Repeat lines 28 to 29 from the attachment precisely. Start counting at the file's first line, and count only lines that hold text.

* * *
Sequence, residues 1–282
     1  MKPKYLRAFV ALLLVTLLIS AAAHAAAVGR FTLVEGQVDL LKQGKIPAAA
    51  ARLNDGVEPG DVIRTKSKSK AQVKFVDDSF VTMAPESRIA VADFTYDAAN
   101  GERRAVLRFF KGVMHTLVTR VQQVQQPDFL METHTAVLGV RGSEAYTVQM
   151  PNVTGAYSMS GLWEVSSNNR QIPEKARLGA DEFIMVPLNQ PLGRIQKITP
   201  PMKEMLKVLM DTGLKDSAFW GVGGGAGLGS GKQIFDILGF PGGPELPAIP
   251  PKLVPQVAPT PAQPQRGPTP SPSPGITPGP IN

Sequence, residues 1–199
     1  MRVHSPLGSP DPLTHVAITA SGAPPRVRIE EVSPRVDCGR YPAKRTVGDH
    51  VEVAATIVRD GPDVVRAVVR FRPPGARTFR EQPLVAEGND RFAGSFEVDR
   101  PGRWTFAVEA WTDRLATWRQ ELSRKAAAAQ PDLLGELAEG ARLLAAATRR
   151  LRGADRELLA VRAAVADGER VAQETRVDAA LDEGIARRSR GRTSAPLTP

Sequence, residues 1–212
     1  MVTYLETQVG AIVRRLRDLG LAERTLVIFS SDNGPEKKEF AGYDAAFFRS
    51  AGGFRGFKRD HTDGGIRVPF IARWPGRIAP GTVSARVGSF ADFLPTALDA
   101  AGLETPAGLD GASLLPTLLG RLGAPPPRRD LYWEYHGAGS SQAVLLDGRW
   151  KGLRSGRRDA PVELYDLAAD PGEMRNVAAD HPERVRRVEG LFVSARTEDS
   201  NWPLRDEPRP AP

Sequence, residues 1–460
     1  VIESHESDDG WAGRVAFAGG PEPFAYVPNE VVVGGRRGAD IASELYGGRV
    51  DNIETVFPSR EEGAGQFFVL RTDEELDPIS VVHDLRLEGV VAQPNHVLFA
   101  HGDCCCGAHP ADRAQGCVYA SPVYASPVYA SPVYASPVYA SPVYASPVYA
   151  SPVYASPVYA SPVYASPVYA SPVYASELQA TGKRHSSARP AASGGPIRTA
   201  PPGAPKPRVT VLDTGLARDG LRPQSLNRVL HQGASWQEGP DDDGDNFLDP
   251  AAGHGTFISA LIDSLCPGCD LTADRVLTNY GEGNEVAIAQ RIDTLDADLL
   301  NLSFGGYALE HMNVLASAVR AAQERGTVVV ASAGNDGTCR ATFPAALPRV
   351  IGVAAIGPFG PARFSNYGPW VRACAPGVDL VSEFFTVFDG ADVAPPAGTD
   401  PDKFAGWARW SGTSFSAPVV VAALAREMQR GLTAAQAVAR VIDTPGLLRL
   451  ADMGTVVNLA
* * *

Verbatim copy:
   401  PDKFAGWARW SGTSFSAPVV VAALAREMQR GLTAAQAVAR VIDTPGLLRL
   451  ADMGTVVNLA